Classic Italian Scene

While walking through the village of Spello, we just now witnessed a most archetypal Italian scene: a well-dressed man driving an antique Fiat 500 pulled up in front of a perfume store we were standing in front of, rolled down his passenger side window, and shouted to the proprietor; when she came out, he handed her a box of flower petals, and then drove off.


Two nights in a row Lisa and I have been able to steal away for a drink before supper. Last night it was to Bar Jolly here in Gubbio. I took the opportunity to sketch the disused Post-Telegrafi office across the street.

La Festa dei Ceri Preshow

While the La Festa dei Ceri on May 15 has a well-documented program, figuring out the timing and route of today’s first-Sunday-in-May repositioning event was more challenging, and involved piecing together bits of information from the web and Google Translated conversations.

As it happens, we need not have worried, as it all played out on our doorstep on the Via dei Consoli.

Anything we might have imagined this might have been was an underestimate by a factor of ten: hundreds and hundreds of people jamming the streets, a drum corps, a brass band, singing, and small children riding the ceri bareback up steep cobblestones streets.

We jammed ourselves right into the middle of it, joining the claustrophobic procession up the street to the Piazza Grande where everything culminated in a cacophony, with the ceri being raced around in circles by their bearers and then up the stairs of the Palazzo dei Consoli where they will spend the ten days leading up to the 15th.

It was all, to say the least, an experience.

La Festa dei Ceri

We have, by happenstance, ended up in the town of Gubbio the weekend before La Festa dei Ceri, a pageant, held yearly, since the 12th century, on May 15.

The mechanics are difficult to do justice to: there are three large “candles,” which are not candles at all, but rather 300 kg wooden pillars. Atop each gets mounted a figure of one of three saints—St. Ubaldo, St. Anthony, and St. George.

Tomorrow morning, in a sort of festival pre-show, the candles are brought down the mountain from the Basilica, where they spend the off-season.

On the 15th, the scene is described like this on the sign we encountered today:

The culminating part of the festival is reached in the late afternoon, when begins a frantic rush that runs through the city and then goes up to the slopes of Mount Ingino bringing back the Ceri in the Basilica, where they will remain until the first Sunday of May of the next year.

The town is currently being festooned with banners; they hang from almost every window.
There are three different banners, one for each of the three saints: red and yellow for St. Ubaldo; red and azure for St. George; red and black for St. Anthony.

We took a “birdcage”—a precarious-seeming standing chairlift—up Mount Ingino this afternoon to visit the candles ourselves. Tomorrow, for, what, the 800-and-somethingth time, they’ll be the centre of everything; today, they were just sitting alone by themselves in a corner of the Basilica.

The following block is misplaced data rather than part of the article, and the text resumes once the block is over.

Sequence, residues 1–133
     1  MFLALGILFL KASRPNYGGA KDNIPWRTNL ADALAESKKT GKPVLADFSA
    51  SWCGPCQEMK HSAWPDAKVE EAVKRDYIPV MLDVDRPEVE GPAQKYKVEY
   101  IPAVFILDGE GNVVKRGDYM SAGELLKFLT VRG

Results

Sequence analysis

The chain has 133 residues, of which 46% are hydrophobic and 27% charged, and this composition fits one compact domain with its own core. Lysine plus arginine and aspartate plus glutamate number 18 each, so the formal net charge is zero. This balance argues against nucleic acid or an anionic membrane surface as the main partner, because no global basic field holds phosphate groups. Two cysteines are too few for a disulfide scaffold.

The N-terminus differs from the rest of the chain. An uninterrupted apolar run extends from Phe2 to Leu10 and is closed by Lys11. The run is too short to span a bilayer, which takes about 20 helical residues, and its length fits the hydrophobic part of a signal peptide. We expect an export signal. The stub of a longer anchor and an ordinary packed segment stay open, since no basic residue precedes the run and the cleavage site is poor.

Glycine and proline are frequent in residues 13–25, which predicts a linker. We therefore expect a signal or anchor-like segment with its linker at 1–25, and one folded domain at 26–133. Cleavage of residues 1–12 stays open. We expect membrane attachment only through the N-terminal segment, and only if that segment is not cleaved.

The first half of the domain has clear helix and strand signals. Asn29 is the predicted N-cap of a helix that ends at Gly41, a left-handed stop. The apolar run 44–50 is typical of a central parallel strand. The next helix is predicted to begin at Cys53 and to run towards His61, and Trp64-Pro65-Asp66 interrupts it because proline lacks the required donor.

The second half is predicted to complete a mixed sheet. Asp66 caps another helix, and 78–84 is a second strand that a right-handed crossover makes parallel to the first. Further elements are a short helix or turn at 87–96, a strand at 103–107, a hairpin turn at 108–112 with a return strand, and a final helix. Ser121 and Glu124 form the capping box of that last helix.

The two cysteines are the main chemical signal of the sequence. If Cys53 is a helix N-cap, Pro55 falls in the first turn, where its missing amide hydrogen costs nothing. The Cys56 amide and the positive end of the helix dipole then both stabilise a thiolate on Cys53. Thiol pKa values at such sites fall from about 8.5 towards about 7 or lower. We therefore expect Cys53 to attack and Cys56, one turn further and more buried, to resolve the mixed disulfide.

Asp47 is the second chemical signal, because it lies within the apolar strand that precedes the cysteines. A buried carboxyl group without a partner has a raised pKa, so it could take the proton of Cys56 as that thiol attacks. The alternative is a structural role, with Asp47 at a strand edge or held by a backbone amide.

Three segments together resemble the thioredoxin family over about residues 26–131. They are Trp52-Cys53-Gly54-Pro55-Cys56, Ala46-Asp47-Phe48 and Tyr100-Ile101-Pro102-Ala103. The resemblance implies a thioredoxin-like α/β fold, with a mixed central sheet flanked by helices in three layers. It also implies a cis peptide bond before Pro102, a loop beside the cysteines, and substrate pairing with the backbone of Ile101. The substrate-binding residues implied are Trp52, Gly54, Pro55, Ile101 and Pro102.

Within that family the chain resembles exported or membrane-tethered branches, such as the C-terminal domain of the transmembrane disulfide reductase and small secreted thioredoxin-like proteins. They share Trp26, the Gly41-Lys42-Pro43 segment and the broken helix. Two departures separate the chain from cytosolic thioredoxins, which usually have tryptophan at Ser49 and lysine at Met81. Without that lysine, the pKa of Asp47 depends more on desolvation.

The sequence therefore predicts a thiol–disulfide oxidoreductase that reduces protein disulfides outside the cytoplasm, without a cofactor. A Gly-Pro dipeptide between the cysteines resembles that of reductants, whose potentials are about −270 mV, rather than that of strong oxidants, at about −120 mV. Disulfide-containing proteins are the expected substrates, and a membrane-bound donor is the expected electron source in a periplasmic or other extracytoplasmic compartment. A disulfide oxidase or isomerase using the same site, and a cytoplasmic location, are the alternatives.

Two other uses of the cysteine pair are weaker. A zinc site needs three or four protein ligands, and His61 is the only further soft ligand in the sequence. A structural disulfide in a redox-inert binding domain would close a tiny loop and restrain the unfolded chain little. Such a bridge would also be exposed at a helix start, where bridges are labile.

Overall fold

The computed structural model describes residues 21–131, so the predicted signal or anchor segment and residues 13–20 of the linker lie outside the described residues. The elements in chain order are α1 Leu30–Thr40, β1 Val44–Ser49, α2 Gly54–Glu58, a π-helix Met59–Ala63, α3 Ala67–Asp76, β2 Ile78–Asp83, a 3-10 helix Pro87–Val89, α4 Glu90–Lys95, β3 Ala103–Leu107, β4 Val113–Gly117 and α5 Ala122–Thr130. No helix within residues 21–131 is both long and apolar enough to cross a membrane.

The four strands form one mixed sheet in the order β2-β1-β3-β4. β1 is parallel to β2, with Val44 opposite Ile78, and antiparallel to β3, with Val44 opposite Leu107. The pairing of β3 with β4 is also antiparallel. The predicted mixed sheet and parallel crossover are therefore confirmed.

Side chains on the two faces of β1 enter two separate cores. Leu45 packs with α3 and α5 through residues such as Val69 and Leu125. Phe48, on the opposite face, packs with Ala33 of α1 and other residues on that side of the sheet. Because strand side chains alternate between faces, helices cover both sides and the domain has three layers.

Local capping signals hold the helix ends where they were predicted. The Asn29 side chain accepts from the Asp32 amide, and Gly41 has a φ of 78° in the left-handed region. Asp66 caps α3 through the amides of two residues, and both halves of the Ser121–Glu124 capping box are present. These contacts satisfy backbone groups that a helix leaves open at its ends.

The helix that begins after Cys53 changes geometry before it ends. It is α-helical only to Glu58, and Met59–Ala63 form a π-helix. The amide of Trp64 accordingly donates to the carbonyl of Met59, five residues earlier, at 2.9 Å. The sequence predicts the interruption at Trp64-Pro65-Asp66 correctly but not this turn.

It’s all rather weird and wonderful to be amidst.

The three candles, stored in the Basilica.
Azure and red banner
Yellow and red banner
Black and red banner
All three banners hanging on a building
The birdcage lift

Edicola 518

A year ago I posted a list of nine European magazine shops, putting forward: “And so a plan: visit all nine. One could do worse for the spine of an European itinerary.”

We haven’t achieved that goal on this trip, but we did make it to one, today: Edicola 518 in Perugia.

In truth, we didn’t actually visit Edicola 518, as it—the newsstand—is closed for the moment. But the affiliated Paradiso 518, around the corner, a bookshop cum newsstand cum publisher cum event space, was open and welcoming and open.

It was, as expected, dreamy.

Like Do You Read Me?! in Berlin, Paradiso 518 contains an artfully curated collection of books, magazines, zines, and other publications, albeit with a different sensibility, rooted in Perugia and in Italy, though with a global view. Their stock is neither randomly scattered, nor strictly organized, but rather artfully sprinkled for optimal browsing. I emerged with a suitably fascinating selection.

We had a good chat with cofounder Antonio Brizioli, discussing their zeitgeist, as well as our This Box is for Good project (he generously agreed to accept 10 of our “Serrazzano boxes” for gifting to patrons).

Antonio described their project itself as a kind of “box,” to be filled with all manner of words, art, music, creativity, and I suggested it is also a kind of magnet, drawing Venn (like us) toward it.

The visit today confirmed the value of investing in magnetism like this: making things, publishing things, organizing things, with a confident aesthetic, a point of view, an eclecticism, as a way, in part, of drawing kin near, and making your place the kind of place you want to live in.

After leaving the shop, we walked around the corner to see the currently-shuttered newsstand—“Italy’s most beautiful,” it is said—on our way to get burgers at the nearby sports bar. It was, indeed, beautiful, and I’m hopeful I’ll return when it’s open.

We asked Alberto for a recommendations on where to go next, and he recommended Gubbio as a possibility. and so, as I type, here we are. I am lying on a leather coach in the fourth floor apartment in the old city, overlooking a panoramic view of Umbria, writing about the magnet, with hopes that will attract others.